China's reckless use of antibiotics in the health system and agricultural production is unleashing an explosion of drug resistant superbugs that endanger global health, according to leading scientists.
Chinese doctors routinely hand out multiple doses of antibiotics for simple maladies like the sore throats and the country's farmers excessive dependence on the drugs has tainted the food chain.
Studies in China show a "frightening" increase in antibiotic-resistant bacteria such as staphylococcus aureus bacteria, also know as MRSA . There are warnings that new strains of antibiotic-resistant bugs will spread quickly through international air travel and internation food sourcing.
"We have a lot of data from Chinese hospitals and it shows a very frightening picture of high-level antibiotic resistance," said Dr Andreas Heddini of the Swedish Institute for Infectious Disease Control.
"Doctors are daily finding there is nothing they can do, even third and fourth-line antibiotics are not working.
"There is a real risk that globally we will return to a pre-antibiotic era of medicine, where we face a situation where a number of medical treatment options would no longer be there. What happens in China matters for the rest of the world."
Particular alarm has been raised by resistance rates of MRSA in Chinese hospitals, which has more than doubled from 30 per cent to 70 per cent, according to Professor Xiao Yonghong of the Institute of Clinical Pharmacology at Beijing University.
Last year researchers found a new strain of MRSA in Chinese pigs imported into Hong Kong and called for urgent new studies into its potential to infect humans after an infection of the new strain was confirmed in Guangzhou, where many of the pigs were farmed.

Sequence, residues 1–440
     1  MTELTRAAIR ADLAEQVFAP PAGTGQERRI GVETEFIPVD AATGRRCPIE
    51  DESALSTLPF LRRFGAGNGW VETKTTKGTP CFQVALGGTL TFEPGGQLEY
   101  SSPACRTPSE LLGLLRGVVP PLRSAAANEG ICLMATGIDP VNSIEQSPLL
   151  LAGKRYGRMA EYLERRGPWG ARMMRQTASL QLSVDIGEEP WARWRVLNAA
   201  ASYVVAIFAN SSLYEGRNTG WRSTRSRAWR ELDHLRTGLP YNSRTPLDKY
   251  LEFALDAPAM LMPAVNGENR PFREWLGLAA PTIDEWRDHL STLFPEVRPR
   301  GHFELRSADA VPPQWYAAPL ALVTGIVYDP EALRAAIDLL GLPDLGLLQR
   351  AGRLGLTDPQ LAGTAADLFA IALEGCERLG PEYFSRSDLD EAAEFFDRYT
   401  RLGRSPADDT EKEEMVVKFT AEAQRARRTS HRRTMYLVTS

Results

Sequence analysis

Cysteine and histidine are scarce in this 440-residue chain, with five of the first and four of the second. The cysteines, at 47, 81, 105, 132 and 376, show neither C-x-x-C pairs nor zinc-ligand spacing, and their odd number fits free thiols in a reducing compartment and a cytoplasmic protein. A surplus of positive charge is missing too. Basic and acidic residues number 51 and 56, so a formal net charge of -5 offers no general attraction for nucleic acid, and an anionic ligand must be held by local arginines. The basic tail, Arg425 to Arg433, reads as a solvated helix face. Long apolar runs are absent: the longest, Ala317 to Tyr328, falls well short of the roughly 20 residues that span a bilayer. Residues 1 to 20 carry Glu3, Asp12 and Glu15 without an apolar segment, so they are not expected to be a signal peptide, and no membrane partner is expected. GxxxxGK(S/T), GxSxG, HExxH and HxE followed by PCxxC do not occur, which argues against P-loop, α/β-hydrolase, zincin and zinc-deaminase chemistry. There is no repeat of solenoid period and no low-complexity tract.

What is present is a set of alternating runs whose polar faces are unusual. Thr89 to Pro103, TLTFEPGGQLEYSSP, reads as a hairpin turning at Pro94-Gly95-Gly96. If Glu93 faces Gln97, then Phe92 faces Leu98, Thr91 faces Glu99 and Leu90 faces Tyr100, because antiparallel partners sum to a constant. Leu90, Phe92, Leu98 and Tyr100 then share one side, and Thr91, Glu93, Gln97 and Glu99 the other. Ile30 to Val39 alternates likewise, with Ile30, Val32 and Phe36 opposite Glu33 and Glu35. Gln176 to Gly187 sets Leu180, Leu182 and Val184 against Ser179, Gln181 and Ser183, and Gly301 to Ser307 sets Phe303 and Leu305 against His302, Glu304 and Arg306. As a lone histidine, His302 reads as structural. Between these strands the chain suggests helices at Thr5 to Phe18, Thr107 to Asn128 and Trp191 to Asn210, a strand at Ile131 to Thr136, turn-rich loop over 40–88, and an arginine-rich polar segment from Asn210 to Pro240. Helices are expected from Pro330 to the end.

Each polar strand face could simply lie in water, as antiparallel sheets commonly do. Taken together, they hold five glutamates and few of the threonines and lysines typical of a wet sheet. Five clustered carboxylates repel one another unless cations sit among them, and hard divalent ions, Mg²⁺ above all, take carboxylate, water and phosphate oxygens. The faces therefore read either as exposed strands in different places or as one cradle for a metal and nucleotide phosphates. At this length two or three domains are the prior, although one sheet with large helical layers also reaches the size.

A Beijing-based health expert with access to unpublished surveys showed that the situation in China was actually worse earlier studies had indicated.
"The Chinese Ministry of Health has all the data," the expert warned, "but they seem unable or unwilling to believe it. The situation has global implications and is highly disturbing."
The Chinese Ministry of Health failed to respond to requests for an interview or information by phone, email and fax over a three-day period.
New prescription guidelines to restrict antibiotic use being issued by the Chinese Ministry of Health in 2004.
"The guidelines are not being followed effectively," added Professor Xiao, "over just the last five years, for example, our studies show the rate antibiotic-resistant E.coli has quadrupled from 10 per cent to 40 per cent."
Public health experts say the rampant over-use of antibiotics in China is primarily caused by China's under-funded healthcare system where hospitals derive up to half of their operating income from selling drugs. In some cities, such as Chongqing, almost half of all drugs sold are antibiotics.
"In Chinese hospitals our data shows that 60 per cent of in-patients are being prescribed antibiotics compared with the WHO guideline of 30 per cent," added Professor Xiao who also heads China's National Antibiotic Resistance Investigation Network.
China's State Food and Drug Administration bans the sale of antibiotics without prescription but a survey by the The Daily Telegraph found the drugs were still easily obtainable over-the-counter.
Three out of five chemists agreed to sell antibiotics after a cursory consultation with the 'patient' who complained of a sore throat.
At one outlet a pharmacist handed over a course of the second-generation antibiotic, Cefuroxime Axetil, with minimal hesitation.
Asked if the sale could "get her into trouble" she said that the pharmacy would get a doctor to write the prescription later to cover their sales records. She added that even doctors from the nearby Capital Institute of Pediatrics came to buy antibiotics without prescription.
"When the surveillance is strict, we won't risk selling antibiotics," Ms Zhang added. Asked to elaborate, she explained, "For example during the 2008 Olympic Games period, we didn't sell them".